The Atlantic

Marching for the Right to Be Wrong

What it means to protest in the name of science.
Source: Charles Platiau / Reuters

When I was asked to speak at the Los Angeles installment of the March for Science, a vision leapt unbidden to my mind: thousands of scientists and science-lovers gathered in Pershing Square, carrying whiteboards and graphs, arguing with each other about how to properly interpret the data they were showing.

Presumably the real march won’t be like that. But nothing would be more characteristic of how scientists behave in the wild than a bit of good-natured disagreement. Indeed, the March for Science itself has notably stirred up some controversies—over the fear that it turns science into a partisan special interest, over worries that it has tried too little (or too hard) to promote diversity, over a concern that scientists shouldn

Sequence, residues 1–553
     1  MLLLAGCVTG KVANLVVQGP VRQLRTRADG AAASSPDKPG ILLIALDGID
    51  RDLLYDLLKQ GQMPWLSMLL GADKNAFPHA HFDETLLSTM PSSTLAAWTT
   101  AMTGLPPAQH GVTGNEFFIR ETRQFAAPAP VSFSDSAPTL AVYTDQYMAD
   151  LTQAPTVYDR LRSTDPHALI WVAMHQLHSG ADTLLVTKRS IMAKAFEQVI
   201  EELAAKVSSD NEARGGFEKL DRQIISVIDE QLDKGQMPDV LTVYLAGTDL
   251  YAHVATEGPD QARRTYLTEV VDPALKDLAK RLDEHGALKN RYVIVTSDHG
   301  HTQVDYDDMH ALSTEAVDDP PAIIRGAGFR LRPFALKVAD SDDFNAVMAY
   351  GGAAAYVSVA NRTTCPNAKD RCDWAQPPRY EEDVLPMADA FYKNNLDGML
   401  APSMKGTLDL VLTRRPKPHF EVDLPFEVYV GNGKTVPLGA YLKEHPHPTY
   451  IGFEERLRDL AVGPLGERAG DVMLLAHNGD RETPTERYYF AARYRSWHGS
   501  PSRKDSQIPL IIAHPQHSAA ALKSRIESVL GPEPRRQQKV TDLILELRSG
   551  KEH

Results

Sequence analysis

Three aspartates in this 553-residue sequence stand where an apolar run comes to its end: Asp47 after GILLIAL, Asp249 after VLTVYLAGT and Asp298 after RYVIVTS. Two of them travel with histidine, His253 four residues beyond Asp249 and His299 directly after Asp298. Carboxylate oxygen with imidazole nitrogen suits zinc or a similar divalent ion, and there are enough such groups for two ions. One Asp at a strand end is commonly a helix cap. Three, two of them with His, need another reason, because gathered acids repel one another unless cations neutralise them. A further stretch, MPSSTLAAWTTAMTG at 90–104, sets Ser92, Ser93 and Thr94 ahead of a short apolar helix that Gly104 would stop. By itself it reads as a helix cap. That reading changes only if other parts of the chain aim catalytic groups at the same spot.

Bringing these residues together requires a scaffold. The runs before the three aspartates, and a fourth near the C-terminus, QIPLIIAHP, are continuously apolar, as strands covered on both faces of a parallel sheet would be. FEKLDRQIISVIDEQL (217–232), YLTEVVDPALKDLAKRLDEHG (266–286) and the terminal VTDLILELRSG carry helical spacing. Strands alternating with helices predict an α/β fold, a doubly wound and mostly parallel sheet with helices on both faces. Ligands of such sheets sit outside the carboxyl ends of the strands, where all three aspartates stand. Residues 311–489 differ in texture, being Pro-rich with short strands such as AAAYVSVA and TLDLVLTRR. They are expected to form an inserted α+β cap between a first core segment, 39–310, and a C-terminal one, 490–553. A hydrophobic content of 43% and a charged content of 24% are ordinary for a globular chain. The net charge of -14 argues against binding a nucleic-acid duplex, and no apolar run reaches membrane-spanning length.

You're reading a preview, sign up to read more.

More from The Atlantic

The Atlantic4 min readPolitics
Seven Questions That Need Answers Before Any Attack on Iran
President Trump’s threats of retaliation for strikes on Saudi oil facilities seem premature.
The Atlantic6 min readScience
When One Big Cat Is Almost Like the Other
India’s Supreme Court has to decide if African cheetahs could sub in for the country’s long-lost population of Asiatic cheetahs.
The Atlantic7 min readPsychology
The Price of Ascending America’s Class Ladder
Being upwardly mobile can come at a cost to people’s relationships with the family, friends, and community they grew up with.